Keep your cool this summer

BLOCK THE SUNLIGHT:

Direct sunlight streaming in through windows can be a significant source of heat during the hottest part of the day. To save money, close blinds and drapes to keep sunlight out.

CAULK AND WEATHERSTRIP:

Small cracks and leaks in your house draw hot air in and work against your air conditioner 24 hours a day, 7 days a week. To find leaks, check doors and windows for any drafts or visible light, then fill the holes. With a little caulk and weather-stripping, you can make your house tighter – and more energy efficient – in a matter of minutes.

ADD OR INCREASE INSULATION:

Adding attic insulation can be costly, but if your summer energy bills are out of control, you may save money in the long run. Most homes don’t have enough insulation to ensure maximum efficiency, but homeowners should invest in a professional home energy audit before making any major efficiency improvements. Look for certified auditors with credentials from organizations like the Building Performance Institute (BPI) – they have special training and tools that allow them to analyze your home and recommend the most cost-effective improvements. To find BPI-certified professionals in your area, visit bpi.org.

LANDSCAPE TO ADD SHADE AND REDUCE REFLECTION:

Adding shade trees, installing trellises and climbing vines on sunny walls, and re-thinking driveways and other hard surfaces around your house can reduce the amount of sunlight – and heat – that gets in.

TIGHTEN, REPLACE OR INSULATE DUCTWORK:

You can lose as much as a third of the cool air coming out of the AC unit if it travels through leaky duct-work. Professional HVAC contractors can quickly find and fix problems system-wide, but homeowners can also make their own repairs to any exposed ductwork. Check the integrity of seams, and then apply a paint-on resin like mastic to keep the cool air flowing to the rooms of your home, not the crawl spaces.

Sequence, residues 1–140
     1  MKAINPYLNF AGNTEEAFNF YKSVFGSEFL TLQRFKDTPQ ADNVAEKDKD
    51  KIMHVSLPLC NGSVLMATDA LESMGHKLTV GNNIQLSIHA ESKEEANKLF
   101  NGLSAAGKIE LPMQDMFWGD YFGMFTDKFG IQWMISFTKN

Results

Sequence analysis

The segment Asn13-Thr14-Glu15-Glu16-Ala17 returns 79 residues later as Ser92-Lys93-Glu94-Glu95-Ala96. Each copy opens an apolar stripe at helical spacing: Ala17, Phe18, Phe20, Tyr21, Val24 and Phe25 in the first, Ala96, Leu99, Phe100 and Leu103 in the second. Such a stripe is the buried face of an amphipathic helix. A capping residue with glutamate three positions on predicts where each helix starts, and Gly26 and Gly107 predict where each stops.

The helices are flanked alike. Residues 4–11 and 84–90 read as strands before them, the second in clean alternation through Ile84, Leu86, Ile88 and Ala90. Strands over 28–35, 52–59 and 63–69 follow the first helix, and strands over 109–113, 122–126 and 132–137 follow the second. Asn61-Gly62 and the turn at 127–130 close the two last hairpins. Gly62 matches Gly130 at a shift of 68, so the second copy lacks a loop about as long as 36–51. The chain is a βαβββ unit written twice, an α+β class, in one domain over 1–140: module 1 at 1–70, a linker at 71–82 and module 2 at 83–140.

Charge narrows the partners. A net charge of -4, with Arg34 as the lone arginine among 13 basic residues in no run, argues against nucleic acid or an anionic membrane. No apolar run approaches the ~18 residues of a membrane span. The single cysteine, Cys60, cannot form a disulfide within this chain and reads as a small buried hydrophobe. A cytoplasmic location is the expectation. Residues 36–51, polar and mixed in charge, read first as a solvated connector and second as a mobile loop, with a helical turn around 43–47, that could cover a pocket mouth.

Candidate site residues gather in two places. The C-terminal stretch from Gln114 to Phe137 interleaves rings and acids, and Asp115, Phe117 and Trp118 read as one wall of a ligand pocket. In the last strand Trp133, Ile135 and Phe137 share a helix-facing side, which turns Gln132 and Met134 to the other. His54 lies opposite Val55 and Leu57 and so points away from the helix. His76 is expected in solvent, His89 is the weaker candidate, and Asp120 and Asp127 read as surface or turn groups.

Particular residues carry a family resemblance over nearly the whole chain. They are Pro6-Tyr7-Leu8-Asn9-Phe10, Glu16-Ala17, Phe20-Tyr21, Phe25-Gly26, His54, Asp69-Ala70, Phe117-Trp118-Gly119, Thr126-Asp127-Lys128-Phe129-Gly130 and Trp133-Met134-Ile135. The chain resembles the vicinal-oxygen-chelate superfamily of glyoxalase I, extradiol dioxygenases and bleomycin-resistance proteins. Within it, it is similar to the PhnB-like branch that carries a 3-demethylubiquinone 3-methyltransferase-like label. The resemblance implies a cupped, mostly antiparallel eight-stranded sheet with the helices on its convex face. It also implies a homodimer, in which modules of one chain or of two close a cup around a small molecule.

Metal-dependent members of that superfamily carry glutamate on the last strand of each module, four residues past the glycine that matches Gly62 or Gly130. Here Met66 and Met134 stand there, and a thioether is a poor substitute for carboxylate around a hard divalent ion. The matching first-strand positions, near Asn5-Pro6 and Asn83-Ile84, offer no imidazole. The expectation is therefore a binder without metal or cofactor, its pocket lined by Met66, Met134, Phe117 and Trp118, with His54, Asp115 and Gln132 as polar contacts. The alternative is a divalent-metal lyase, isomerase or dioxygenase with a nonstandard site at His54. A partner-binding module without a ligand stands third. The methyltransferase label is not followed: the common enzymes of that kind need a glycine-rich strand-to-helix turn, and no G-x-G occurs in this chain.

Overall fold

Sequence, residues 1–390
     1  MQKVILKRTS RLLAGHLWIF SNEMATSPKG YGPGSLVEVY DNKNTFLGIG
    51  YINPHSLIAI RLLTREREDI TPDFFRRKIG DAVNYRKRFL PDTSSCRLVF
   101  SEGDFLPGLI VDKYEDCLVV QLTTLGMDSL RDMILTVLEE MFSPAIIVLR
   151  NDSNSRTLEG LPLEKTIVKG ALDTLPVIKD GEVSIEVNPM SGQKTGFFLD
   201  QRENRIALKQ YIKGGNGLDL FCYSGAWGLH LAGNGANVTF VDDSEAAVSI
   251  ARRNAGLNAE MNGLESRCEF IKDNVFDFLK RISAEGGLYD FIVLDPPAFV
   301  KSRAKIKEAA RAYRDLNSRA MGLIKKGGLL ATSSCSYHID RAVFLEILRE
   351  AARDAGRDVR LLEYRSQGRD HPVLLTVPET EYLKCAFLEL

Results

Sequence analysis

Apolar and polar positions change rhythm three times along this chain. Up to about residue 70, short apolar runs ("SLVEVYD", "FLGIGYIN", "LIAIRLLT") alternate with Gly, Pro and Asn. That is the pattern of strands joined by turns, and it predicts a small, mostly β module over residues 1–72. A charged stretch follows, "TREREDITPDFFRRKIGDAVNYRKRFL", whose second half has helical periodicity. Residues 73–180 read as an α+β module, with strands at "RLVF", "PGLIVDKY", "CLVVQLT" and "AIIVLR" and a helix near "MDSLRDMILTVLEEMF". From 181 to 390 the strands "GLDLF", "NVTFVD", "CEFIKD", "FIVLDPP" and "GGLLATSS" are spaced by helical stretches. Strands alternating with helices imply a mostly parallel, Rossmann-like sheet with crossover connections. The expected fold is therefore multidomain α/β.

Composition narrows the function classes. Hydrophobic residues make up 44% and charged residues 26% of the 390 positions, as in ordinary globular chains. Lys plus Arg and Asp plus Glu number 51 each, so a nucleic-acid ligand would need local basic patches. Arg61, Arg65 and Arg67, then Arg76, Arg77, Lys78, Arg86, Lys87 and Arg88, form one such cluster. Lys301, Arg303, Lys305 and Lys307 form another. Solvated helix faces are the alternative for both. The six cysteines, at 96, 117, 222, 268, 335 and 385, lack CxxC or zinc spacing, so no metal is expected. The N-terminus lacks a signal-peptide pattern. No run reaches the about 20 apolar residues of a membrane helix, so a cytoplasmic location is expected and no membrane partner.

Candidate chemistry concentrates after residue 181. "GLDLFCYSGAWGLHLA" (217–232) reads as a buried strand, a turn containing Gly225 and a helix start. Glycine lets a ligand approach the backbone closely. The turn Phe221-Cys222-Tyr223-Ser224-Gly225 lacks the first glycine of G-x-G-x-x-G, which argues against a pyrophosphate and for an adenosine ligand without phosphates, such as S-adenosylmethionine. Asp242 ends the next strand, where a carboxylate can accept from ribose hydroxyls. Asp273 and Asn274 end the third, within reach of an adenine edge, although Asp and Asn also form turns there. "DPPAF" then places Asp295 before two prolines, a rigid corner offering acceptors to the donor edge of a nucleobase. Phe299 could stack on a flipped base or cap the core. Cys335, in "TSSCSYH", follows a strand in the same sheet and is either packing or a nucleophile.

CHANGE THE WAY YOU COOK:

Use small appliances or cook outdoors on the grill. Microwaves and toaster ovens generate less heat than a full-sized oven or a cooktop. Use the exhaust fan to draw heat out-doors, and fit the burner size to the pan, so as little heat escapes into the room as possible.

Add a fan:

Using a fan along with air conditioning can make a room feel four degrees cooler. Box and circulating fans can help, but a ceiling fan is the best option for moving air throughout a room. Home improvement stores offer models for as little as $50, and installation can often be a do-it-yourself job. However, fans are only effective when people are in the room.

Turn off unnecessary lights and tv:

Leaving lights and the TV on when you leave the room is an obvious energy-waster, but in summer months it delivers a double whammy by also generating unwanted heat. Incandescent bulbs, for example, give off 90 percent of their energy as heat, not light. Summer is a good time to consider replacing incandescent bulbs with compact fluorescent lights (CFLs). Not only do CFLs use less power to light up the room, they also generate considerably less heat.

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